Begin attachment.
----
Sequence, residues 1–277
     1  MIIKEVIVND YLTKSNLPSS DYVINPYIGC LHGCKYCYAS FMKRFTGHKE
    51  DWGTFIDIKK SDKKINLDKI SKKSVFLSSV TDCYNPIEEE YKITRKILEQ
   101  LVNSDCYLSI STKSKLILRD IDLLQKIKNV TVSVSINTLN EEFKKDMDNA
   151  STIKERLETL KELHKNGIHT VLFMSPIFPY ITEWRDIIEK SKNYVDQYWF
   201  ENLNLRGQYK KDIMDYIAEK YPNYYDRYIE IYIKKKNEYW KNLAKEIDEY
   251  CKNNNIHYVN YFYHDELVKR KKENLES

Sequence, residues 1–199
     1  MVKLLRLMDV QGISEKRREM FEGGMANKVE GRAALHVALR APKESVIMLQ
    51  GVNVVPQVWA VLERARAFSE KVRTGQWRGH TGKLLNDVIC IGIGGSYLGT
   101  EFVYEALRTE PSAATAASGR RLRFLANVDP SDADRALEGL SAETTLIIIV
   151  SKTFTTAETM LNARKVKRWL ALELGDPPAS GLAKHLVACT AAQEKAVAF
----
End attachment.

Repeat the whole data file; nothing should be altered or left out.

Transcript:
Sequence, residues 1–277
     1  MIIKEVIVND YLTKSNLPSS DYVINPYIGC LHGCKYCYAS FMKRFTGHKE
    51  DWGTFIDIKK SDKKINLDKI SKKSVFLSSV TDCYNPIEEE YKITRKILEQ
   101  LVNSDCYLSI STKSKLILRD IDLLQKIKNV TVSVSINTLN EEFKKDMDNA
   151  STIKERLETL KELHKNGIHT VLFMSPIFPY ITEWRDIIEK SKNYVDQYWF
   201  ENLNLRGQYK KDIMDYIAEK YPNYYDRYIE IYIKKKNEYW KNLAKEIDEY
   251  CKNNNIHYVN YFYHDELVKR KKENLES

Sequence, residues 1–199
     1  MVKLLRLMDV QGISEKRREM FEGGMANKVE GRAALHVALR APKESVIMLQ
    51  GVNVVPQVWA VLERARAFSE KVRTGQWRGH TGKLLNDVIC IGIGGSYLGT
   101  EFVYEALRTE PSAATAASGR RLRFLANVDP SDADRALEGL SAETTLIIIV
   151  SKTFTTAETM LNARKVKRWL ALELGDPPAS GLAKHLVACT AAQEKAVAF